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GWRSwindon

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  1. It may be better to have the Spalding and Bourne Railway be the "Leicester, Spalding and Bourne", and have the M&GN get running powers over the Syston and Peterborough.
  2. I've wondered about the possibility of having the M&GN tap the Leicestershire coalfield instead of the GN & LNW Joint. Of course, the M&GN was an east-west line, which would make an extension to Leicester probably the most likely expansion they could do by some means. @Edwardian, I think you said you were fond of the GN&LNW Joint, do you know of any ways to expand the M&GN?
  3. I remember an idea I had for a "Birmingham & Peterborough Direct Railway" - and I'm sure if I look hard enough, I'll find a real proposal along similar lines. It would very likely be a bustling trunk route, not to mention satisfy my desire to include as many other companies as possible via junctions. There's a wicked part of me that would the various lines between Birmingham and Peterborough to remain independent until the 1880s, to be merged into a mega-Midland & Great Northern Joint Railway!
  4. As I said, lovely little line - had connections with no less than four companies.
  5. I've been looking into the Neath & Brecon Railway - lovely little railway, and a busy one too, with the Midland Railway using it to get to Swansea and plenty of coal traffic. I can't find any images suggesting what liveries were used for engines, carriages, and wagons. Does anyone have any information on this?
  6. Oh crumbs - I didn't see the OP wanted completely freelance companies, not real ones operating over fictitious lines. Do we have a thread for those?
  7. Thank you John, Roy Williams' The Midland Railway: A New History may be worth a look as well.
  8. While Ellis and Nock are almost always solid choices, I can't help but feel a bit disappointed there haven't been proper multi-volume histories of these companies.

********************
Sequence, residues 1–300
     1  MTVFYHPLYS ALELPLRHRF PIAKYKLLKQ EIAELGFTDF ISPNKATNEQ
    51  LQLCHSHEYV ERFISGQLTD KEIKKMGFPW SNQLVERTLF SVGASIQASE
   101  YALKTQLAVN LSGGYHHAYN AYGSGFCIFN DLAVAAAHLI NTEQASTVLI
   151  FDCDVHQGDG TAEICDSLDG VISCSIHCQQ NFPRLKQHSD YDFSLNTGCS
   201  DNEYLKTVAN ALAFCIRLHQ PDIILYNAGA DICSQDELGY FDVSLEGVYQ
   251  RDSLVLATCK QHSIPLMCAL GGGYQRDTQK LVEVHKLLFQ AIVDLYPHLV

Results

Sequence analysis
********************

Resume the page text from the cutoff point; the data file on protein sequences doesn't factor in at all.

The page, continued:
9. Does anyone know what the common lever colors were in Great Central signal boxes?
  10. At the moment, I'm looking for books on Great Central signalling and signal boxes. The GCR Society's bibliography mentions A Pictorial Record of LNER Consituent Signalling, which looks good, as does Great Central Signalman, but I'm naturally looking for others as well.
  11. While calling any book the "definitive" work on its particular subject is risky business, the term seems justified in the case of titles such as George Dow's history of the Great Central, John Wrottesley's on the Great Northern, and John Marshall's on the Lancashire & Yorkshire. Have there been "definitive" histories of the London & North Western and Midland Railways written?
  12. One feels for the traveller from Sheffield or Marylebone, who couldn't simply get in and get off at Liverpool Central, but would have to either reverse at Manchester Central or catch a hansom cab.
  13. Ah, I believe I understand now. It strikes me as odd that trains coming from Sheffield over the Woodhead line couldn't just run to Liverpool Central via the MSJ&A.
  14. Was looking into the MSJ&AR, and I was wondering if there were any through trains operated between Liverpool Central and Manchester London Road. It would seem at least possible, as the MSJ&AR allowed for it, but as I couldn't find any explicit references to such, I didn't want to assume. I suspect they must have, otherwise I'm not sure what purpose the junction at Cornbrook with the CLC served.
  15. It would be fun to see Green and Indian Red that far south, though I wonder what goal they would have in mind in acquiring a line to Aldershot. Of course, railways have built to all manner of odd destinations - see the SER at Reading, or the Metropolitan at Verney Junction. ----------------------- I've considered several proposed lines over the years, most related to the MS&LR/GCR: - Edward Watkin's proposed Blackpool Railway; - the Didcot, Newbury & Southampton Railway, assuming it had made it to Southampton and started operating its own trains; - the Lancashire, Derbyshire & East Coast Railway west of Chesterfield, because of course; - the Macclesfield, Knutsford & Warrington Railway, with the CLC and NSR jointly operating the line. Here in the US we call these "paper railroads" - loads of potential for real companies running over fictitious lines; - Watkin's proposed working union between the LSWR, the LB&SCR, the LCDR, and the SER; - Watkin's Welsh Railways Union (the Manchester & Milford may actually connect to the former city here)
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